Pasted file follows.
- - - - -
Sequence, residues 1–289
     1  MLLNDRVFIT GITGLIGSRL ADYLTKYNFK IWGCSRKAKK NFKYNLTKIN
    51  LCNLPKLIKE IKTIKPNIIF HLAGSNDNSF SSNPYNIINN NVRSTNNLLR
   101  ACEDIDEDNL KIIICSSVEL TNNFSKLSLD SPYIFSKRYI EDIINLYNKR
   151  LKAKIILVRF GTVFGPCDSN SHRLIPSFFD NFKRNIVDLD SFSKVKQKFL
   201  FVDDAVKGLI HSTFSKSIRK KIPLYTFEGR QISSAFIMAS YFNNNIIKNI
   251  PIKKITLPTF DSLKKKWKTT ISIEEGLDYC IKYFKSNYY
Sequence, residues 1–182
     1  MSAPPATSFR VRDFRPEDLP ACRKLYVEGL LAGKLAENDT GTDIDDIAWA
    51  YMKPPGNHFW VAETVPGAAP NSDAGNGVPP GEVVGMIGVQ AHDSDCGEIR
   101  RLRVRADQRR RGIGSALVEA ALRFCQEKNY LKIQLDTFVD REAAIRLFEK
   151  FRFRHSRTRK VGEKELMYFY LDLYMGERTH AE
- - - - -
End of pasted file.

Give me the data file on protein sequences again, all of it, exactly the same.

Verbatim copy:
Sequence, residues 1–289
     1  MLLNDRVFIT GITGLIGSRL ADYLTKYNFK IWGCSRKAKK NFKYNLTKIN
    51  LCNLPKLIKE IKTIKPNIIF HLAGSNDNSF SSNPYNIINN NVRSTNNLLR
   101  ACEDIDEDNL KIIICSSVEL TNNFSKLSLD SPYIFSKRYI EDIINLYNKR
   151  LKAKIILVRF GTVFGPCDSN SHRLIPSFFD NFKRNIVDLD SFSKVKQKFL
   201  FVDDAVKGLI HSTFSKSIRK KIPLYTFEGR QISSAFIMAS YFNNNIIKNI
   251  PIKKITLPTF DSLKKKWKTT ISIEEGLDYC IKYFKSNYY
Sequence, residues 1–182
     1  MSAPPATSFR VRDFRPEDLP ACRKLYVEGL LAGKLAENDT GTDIDDIAWA
    51  YMKPPGNHFW VAETVPGAAP NSDAGNGVPP GEVVGMIGVQ AHDSDCGEIR
   101  RLRVRADQRR RGIGSALVEA ALRFCQEKNY LKIQLDTFVD REAAIRLFEK
   151  FRFRHSRTRK VGEKELMYFY LDLYMGERTH AE